On 15 July, celebrity Dutch investigative journalist and crime reporter Peter R. de Vries, 64, died in a hospital from wounds sustained in last week's assault. On 6 July, he was shot in the head on Lange Leidsedwarsstraat in Amsterdam after recording an episode of RTL Boulevard, a popular Dutch daily television programme.
Three suspects have been detained in connection with the deadly shooting, with one later being released, as Amsterdam Police Chief Frank Paauw revealed to the press.
Dutch Gov't Fails to Ensure Journalists' Security
De Vries' assassination has exposed the Dutch government's inability to provide adequate protection to the country's investigative journalists while criminals are taking over Dutch metropolises, according to Belgian human rights activist Andy Vermaut of the International Alliance for the Defence of Rights and Liberties (AIDL).
"Whenever Peter de Vries let his light shine, it always put an extra spotlight on the case and because of his public fame, he could claim extra cooperation from the entire Dutch society", the activist says. "The Netherlands, the land of big words regarding democracy, falls short in this respect, because the man who very definitely needed police protection, only received it after he was shot. Figs after Easter, we say to that".
Vermaut, who himself experienced a bloody attack in the Netherlands in 2001, says that he has learnt from this case how the Dutch system really works. According to him, "not only [is] the heart of free Amsterdam" affected by the terrible attack on de Vries, but also "the heart of top investigative journalism in the Netherlands and Europe".
"My thoughts go out to the family, but especially to all the investigative journalists who lost their lives because they stepped on the wrong toes with their pen or with their word, unworthy of a European society", the activist highlights.
Dutch Journalists are Routinely Intimidated
The latest surveys indicate that 80 percent of Dutch journalists were either intimidated or directly threatened last year, according Jan Van Benthem, foreign affairs commentator at Nederlands Dagblad.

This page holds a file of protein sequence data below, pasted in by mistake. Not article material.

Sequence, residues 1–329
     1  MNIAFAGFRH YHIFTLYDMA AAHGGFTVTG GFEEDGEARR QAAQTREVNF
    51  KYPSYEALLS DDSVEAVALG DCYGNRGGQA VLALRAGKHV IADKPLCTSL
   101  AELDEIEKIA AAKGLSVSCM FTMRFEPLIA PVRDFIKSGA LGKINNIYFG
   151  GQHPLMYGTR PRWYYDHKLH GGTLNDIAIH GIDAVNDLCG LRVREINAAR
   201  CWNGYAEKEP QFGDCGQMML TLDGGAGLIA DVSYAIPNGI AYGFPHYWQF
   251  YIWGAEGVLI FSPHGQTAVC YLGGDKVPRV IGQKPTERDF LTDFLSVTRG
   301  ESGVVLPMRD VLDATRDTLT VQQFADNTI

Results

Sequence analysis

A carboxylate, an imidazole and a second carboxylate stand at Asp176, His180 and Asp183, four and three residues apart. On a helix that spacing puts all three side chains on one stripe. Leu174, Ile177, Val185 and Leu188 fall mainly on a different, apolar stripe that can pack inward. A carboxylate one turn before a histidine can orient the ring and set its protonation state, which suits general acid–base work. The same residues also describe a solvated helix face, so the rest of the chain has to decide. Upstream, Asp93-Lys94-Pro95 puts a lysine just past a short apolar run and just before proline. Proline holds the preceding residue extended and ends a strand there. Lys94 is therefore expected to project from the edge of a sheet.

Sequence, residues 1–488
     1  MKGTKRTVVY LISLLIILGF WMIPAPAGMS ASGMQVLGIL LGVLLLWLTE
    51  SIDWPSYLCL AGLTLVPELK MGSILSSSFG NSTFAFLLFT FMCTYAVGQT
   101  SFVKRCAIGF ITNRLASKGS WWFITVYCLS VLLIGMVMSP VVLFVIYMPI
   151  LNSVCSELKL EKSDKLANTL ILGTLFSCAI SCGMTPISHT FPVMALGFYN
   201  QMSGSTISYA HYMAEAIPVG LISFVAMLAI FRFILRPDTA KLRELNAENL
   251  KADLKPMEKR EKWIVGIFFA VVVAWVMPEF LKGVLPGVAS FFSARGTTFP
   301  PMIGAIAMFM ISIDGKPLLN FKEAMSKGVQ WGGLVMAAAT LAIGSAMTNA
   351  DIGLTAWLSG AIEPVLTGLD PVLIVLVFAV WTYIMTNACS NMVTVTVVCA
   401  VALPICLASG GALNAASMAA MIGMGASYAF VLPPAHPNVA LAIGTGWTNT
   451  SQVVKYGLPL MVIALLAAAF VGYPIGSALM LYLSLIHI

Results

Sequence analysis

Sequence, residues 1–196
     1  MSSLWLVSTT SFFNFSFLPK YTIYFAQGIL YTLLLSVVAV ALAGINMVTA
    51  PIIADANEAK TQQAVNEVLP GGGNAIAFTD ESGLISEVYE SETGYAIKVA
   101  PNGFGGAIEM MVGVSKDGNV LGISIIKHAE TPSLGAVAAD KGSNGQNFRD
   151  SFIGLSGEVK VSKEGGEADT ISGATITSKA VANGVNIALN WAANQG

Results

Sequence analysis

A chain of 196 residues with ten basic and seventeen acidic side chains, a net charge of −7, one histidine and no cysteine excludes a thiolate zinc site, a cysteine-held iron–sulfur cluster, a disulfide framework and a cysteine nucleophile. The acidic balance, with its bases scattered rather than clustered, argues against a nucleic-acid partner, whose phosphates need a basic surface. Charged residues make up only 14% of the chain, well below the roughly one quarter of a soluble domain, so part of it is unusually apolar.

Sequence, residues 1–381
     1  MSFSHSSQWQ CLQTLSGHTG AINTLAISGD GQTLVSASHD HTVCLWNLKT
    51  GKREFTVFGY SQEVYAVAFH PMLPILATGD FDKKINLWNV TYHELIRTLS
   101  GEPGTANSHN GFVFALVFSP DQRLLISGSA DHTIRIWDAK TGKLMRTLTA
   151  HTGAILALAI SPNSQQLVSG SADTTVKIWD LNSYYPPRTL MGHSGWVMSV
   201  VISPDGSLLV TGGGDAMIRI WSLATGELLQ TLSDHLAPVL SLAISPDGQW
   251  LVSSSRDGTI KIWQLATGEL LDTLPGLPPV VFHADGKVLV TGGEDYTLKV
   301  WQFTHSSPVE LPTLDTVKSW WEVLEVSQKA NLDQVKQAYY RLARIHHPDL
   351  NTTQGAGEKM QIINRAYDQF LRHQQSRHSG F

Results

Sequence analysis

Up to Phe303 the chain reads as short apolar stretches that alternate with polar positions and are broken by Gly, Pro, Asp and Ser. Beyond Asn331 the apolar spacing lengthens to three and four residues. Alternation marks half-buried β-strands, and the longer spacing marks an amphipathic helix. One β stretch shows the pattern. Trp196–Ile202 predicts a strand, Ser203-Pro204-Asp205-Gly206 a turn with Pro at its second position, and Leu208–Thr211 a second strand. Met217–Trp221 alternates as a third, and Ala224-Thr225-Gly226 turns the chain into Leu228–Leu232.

Van Benthem notes that he himself has been subjected to threats from international criminal actors because of his coverage of world affairs.
"We never use our private [phone] number", the journalist says. "So, by calling your private number they are threatening you like 'we know where you live. We know where we can get you or your children'".
When it comes to de Vries, the attack "very probably is connected to the court case against a very well-known criminal", Van Benthem suggests, referring to the Marengo process, a trial of leading members of a Dutch-Moroccan criminal organisation called the "Mocro Mafia". Between 2015 and 2017, the crime syndicate conducted a series of assassinations. De Vries acted as a spokesperson for crown witness Nabil B., who is testifying against Ridouan Taghi, 43, an alleged mastermind behind the killing spree. In 2019, de Vries stated that he was on Taghi's hit list.
Not only de Vries, but also his colleagues and RTL Boulevard, the programme he worked for, have recently been threatened, Van Benthem notes, adding that earlier the Dutch police had intercepted messages of some individuals discussing an attack on the studio with a rocket propelled grenade. The programme's studio has been shut down for several days, while the staff is now broadcasting from a more secure location.
"Just two days ago the municipality said this will be for an indefinite time, a risk area because of the pursuing threats against the programme and the broadcaster", the journalist underscores. "And it’s in the media park in a very well-known media centre in the Netherlands. The city is called Hilversum. So, the threat is not only against that programme, but against other TV journalists as well".
Peter R. de Vries was a very courageous man who sought justice for people despite all the direct threats against his life, Van Benthem says, adding that his death is "a very strong loss for journalism".
The crime reporter was widely known for covering high profile cases, including the kidnapping of Freddy Heineken, CEO of the namesake brewing company and one of the richest people in the Netherlands, and the disappearance of Natalee Holloway, an 18-year-old American woman who went missing during a high school graduation trip to Aruba in the Caribbean. In general, the journalist investigated more than 500 murder cases, according to Dutch newspaper De Telegraaf, where de Vries started his career.